Nick Thorpe (2012 EPA)
Thorpe is a journalist and writer residing in Hungary.
Sajida Madni (2009, 2010 ISSPRL)
Sajida Madni has been working as a professional organizer for the past 6 years with Birmingham Citizens. Birmingham Citizens is a broad based organization consisting of 30 dues paying member institutions including mosques, churches, trade unions, schools and other community institutions that are committed to working together for the common good. Citizens provides training in the theory and practice of effective organizing to local people in their organizations so that communities can bring about positive change in their own neighborhoods. Sajida graduated from the University of Birmingham with honors degrees in English and Theology at the age of 18. She went on to working as an English teacher at a large Secondary school in Birmingham. In 2003, at the age of 23, Sajida became Birmingham’s youngest Head of Faculty in English as well as being the Head of the Citizenship department. Sajida has grown up in Birmingham and is a member of the Islamic Society of Britain (ISB). She has been involved in leadership development work with ISB’s youth wing, Young Muslims and also serves as a volunteer teacher for Birmingham Citizens’ member schools. Sajida is a keen footballer and captained the Aston Villa Ladies Team for three years as well representing her university’s women’s side. In recognition of her achievements, Sajida was awarded the ‘Young Alumna of the Year’ award from the University of Birmingham in 2007.
Madeleine Reeves (2010 ISSRPL)
I am a Research Fellow in Social Anthropology at the Centre for Research on Socio-Cultural Change at the University of Manchester. I am also affiliated to the Research Institute for Cosmopolitan Cultures, where I have developed a keen interest in how we talk and write about co-existence and how as humans and societies we think about ways of co-existing that may be different from our own. My research to date has focused on the Ferghana valley region of Central Asia, where I have lived at different times over the past 11 years, looking in particular at the challenges that are posed by the securitization of new international borders in an area where livelihoods have historically been intensely inter-dependent. I am now working on a project looking at the legal and documentary production of migrant “illegality” in urban Russia, and the way in which religion is mobilized in debates about difference.
Mustafa Yunus (2010 ISSRPL)
Mustafa Yunus graduated from Aston University and is an Optometrist by profession. He was born and bred in Birmingham, though he spent much of his professional life working outside the UK’s second city. Mustafa was a member of Young Muslims, UK and played an instrumental role in shaping the organization as a teenager himself. He also volunteers with Islamic Relief, the world’s largest Islamic Charity, which works to alleviate the suffering of some of the world’s poorest people. Mustafa is fluent in three languages besides English and his love for the Arabic language took him to the prestigious Institut Européen des Sciences Humaines in Château Chinon, France to study the language in depth. Upon graduating in less than two years, Mustafa returned to Birmingham, where he began to teach the Arabic language to interested pupils on a voluntary basis. Mustafa is an avid reader, an enthusiastic gardener and has also recently taken up beekeeping as an additional hobby!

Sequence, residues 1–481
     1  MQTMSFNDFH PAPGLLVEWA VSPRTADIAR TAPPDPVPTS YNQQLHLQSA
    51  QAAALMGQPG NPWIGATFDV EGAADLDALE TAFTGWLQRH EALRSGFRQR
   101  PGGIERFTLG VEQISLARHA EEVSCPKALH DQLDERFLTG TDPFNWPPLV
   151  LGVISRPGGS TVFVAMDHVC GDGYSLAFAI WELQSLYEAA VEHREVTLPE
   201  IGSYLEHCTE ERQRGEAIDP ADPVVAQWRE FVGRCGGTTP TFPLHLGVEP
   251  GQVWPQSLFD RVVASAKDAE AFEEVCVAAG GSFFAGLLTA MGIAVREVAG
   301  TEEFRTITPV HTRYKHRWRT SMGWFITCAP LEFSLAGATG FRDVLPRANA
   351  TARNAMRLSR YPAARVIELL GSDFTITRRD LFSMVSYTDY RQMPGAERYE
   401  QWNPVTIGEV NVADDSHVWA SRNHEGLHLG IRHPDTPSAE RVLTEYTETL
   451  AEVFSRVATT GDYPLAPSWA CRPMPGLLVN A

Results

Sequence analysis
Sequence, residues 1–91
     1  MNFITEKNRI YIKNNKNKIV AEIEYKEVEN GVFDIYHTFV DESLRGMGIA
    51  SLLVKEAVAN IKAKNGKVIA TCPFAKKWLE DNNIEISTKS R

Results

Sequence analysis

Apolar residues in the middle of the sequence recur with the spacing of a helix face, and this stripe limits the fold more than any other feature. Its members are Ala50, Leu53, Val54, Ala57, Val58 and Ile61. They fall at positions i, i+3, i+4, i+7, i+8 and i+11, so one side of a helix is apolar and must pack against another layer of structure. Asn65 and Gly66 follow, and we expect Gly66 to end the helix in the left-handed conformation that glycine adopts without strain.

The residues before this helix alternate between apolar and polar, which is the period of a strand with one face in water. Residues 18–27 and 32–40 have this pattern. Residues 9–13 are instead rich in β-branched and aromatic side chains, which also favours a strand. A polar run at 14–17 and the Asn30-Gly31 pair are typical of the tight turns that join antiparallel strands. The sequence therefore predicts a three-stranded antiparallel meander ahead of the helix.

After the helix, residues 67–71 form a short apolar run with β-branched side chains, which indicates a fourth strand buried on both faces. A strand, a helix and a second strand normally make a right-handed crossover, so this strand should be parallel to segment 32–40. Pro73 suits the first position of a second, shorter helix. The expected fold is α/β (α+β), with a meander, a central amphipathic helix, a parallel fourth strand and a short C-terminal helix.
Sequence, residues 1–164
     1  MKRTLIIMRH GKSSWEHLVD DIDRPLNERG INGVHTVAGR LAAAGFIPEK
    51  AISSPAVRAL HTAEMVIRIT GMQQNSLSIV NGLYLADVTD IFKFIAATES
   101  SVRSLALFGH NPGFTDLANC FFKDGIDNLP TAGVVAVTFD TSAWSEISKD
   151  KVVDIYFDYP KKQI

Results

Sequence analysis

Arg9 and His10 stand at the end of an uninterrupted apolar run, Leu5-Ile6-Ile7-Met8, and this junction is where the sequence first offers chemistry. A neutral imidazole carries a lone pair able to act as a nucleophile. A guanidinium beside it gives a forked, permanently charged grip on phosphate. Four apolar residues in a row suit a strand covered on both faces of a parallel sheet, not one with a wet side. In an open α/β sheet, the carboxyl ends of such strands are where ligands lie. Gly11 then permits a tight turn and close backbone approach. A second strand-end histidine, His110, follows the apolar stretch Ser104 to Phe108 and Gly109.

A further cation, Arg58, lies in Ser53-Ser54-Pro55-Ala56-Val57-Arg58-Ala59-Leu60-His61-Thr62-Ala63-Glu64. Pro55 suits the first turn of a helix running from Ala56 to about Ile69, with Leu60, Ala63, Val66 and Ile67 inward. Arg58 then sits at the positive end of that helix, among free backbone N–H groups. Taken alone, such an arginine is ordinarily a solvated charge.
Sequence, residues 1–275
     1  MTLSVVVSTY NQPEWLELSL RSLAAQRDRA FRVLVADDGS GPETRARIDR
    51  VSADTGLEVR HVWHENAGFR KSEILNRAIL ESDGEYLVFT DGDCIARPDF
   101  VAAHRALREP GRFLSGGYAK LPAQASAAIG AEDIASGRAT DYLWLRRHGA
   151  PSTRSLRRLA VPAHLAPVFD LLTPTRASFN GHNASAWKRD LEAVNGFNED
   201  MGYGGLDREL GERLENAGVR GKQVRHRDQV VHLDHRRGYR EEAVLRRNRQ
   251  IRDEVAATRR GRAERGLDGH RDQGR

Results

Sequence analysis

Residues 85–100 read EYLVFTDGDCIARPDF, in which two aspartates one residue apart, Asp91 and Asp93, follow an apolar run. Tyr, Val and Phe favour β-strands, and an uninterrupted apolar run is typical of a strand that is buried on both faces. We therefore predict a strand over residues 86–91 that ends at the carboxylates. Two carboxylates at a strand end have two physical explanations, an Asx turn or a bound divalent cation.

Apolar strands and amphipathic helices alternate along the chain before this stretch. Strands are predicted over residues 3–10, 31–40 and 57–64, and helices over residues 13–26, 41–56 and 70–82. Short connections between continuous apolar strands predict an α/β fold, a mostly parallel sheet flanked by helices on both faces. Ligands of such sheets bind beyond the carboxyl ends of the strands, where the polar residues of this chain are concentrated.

Seamus Neville (2009 ISSRPL)
Seamus has been and activist with the Fourth World Movement in the United Kingdom for 23 years, supporting families and people living in exclusion and/or great poverty. He has been active in various activities, meetings, and events organized by the FWM. Recently, he took part in a FWM “social training”, part of which involved meeting with social work students, and visiting various structures and institutions, to exchange views about how and why children are put into care. On a regular basis, he helps at a Refugee Resource Centre. He lives in London, has 3 children and one grandchild.
David Payne (2009 ISSRPL)
David participated in the 2008 International Summer School on Religion and Public Life, which he found both rewarding and challenging and is looking forward to being involved in this year’s school. He is delighted to be living in such a culturally diverse city as Birmingham and is joining others working with young people. This includes ‘the feast’, a new charity set up to help build friendships between Christian and Muslim young people. A believer in Jesus, he is keen to remain a learner and live out his faith honestly and peacefully.
Pritpal Kaur Riat (2009 ISSRPL)
Pritpal Kaur Riat is a Sikh from Leeds, UK. A graduate in BA History from Kings College, University of London, she is currently completing her PhD in Sikh Studies at the University of Birmingham. Pritpal has had extensive experience in interfaith work for the past 5 years through volunteering at Guru Nanak Nishkam Sewak Jatha (a multi-faceted Faith Based Organization working in UK, Kenya and India). Grass roots interfaith work that Pritpal is involved in includes Faith Guiding and the Faith Encounter Programme in Birmingham. She also supports social justice events run by Birmingham Citizens, the Environment Agency, and Jubilee Debt Campaign. Pritpal was part of a Sikh delegation that visited Israel and Palestine in 2005. She has also represented the Sikh youth at various international interfaith events, including the inter-religious youth meeting hosted by the ‘Pontifical Council for Inter-religious Dialogue’ at Assisi, Italy in 2007; and the European Interfaith Youth Network religious encounter hosted by ‘Religions for Peace’, at Rovereto, Italy in 2008.